Stages of the Monomyth in the Step Not Taken

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Archetypes are found in the mythology, religion, and stories of all cultures. They are patterns or prototypes that are used time and again. One of the dominant archetypal patterns in literature, film and even video game text is the story of a journey or quest. The pattern was recognized by Joseph Campbell, and is called the monomyth. In the short story “The Step Not Taken” by Paul D’Angelo, the use of this archetypal pattern is evident. The three stages found within the monomyth are separation, struggle or initiation, and return and reintegration.

During the separation stage there is a call to adventure, in which the hero figure is usually unaware of the events to follow that will change their life. Once they are aware of the quest or journey the protagonist will refuse to go. In the story “The Step Not Taken” by Paul D’Angelo the protagonist refuses his call to help the bawling man in the elevator as seen when he says “ I didn’t know what to do. So I did nothing.” After his refusal, his unconscious mind forces him to feel guilt, evident when he states “And now he haunts me. Not with fear, of course, but with a sense of regret”. After this sudden realization, the protagonist entails a willingness to change and be a better person, fully accepting the quest.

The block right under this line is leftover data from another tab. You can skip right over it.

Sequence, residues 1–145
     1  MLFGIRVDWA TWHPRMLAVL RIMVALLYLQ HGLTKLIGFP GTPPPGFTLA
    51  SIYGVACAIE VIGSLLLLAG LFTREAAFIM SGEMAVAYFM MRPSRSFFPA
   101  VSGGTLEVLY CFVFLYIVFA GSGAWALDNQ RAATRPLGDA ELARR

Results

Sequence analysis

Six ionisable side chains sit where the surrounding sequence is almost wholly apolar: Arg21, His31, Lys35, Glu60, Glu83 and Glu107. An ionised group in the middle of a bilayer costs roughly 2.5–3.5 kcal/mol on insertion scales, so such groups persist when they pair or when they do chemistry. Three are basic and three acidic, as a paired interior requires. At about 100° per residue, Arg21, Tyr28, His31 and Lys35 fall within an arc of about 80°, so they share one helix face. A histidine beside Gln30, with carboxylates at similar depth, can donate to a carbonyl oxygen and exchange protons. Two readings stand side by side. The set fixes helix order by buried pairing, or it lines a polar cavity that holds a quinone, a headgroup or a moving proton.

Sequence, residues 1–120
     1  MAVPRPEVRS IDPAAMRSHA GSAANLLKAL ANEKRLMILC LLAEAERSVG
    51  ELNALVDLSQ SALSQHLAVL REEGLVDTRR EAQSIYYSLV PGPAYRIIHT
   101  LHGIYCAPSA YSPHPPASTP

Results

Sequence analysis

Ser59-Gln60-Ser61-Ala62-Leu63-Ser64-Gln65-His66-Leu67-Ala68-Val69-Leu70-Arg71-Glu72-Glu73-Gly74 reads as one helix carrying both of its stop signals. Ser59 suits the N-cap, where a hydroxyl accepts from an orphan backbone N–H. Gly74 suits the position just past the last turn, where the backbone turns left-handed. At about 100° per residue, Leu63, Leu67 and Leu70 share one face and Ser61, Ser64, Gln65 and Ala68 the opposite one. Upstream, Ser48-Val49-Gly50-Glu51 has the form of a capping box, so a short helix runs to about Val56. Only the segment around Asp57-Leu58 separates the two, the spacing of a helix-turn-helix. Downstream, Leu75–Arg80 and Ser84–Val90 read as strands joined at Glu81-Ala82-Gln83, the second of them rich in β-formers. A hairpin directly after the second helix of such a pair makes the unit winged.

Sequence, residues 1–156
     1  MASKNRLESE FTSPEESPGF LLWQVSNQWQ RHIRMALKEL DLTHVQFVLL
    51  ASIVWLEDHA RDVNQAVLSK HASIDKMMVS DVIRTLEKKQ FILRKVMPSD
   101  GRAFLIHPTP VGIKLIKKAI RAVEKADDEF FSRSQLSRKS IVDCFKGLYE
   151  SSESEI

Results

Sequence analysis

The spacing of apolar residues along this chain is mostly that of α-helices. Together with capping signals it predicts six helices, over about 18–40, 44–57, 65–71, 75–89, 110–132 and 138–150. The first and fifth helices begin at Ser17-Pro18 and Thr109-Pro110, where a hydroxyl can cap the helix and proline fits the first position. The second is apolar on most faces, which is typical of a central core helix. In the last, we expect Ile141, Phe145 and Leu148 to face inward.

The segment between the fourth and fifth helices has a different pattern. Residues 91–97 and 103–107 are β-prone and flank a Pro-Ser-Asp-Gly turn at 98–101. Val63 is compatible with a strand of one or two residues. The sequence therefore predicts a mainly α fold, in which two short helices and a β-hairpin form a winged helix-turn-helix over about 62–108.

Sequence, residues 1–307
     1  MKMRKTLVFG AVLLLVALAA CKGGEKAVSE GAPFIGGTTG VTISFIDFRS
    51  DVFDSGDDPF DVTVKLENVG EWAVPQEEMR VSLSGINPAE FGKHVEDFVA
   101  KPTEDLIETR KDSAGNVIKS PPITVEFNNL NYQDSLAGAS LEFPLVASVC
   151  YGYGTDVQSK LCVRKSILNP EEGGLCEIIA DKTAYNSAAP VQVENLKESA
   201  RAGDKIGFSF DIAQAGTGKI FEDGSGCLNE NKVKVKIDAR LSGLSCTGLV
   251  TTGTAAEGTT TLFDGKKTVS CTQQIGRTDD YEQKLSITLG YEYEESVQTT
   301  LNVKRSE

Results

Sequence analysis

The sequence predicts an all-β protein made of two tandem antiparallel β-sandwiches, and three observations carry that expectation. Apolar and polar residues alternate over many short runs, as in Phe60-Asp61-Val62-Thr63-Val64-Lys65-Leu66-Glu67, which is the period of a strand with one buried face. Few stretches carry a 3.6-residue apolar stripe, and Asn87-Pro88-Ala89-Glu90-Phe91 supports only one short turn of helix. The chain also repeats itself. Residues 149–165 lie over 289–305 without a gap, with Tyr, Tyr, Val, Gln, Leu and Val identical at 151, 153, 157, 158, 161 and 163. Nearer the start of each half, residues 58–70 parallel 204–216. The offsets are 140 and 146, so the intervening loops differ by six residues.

In the second stage, the struggle or initiation, the hero figure explores his unconscious domain. He endures a test, in which he fails that in turn leads to his epiphany or sudden realization. “I now know what I should have done then. I should have thrown caution to the winds and done the right thing. Not the big-city thing. The right thing. The human thing.” This is the point in which the protagonist experiences rebirth of a new self into a new life. Even after others tell him that his decision was the right one, he still feels that he was wrong, and now knows better for the future. His epiphany is relevant to today’s world because it shows the importance of sympathy and helping those in need.

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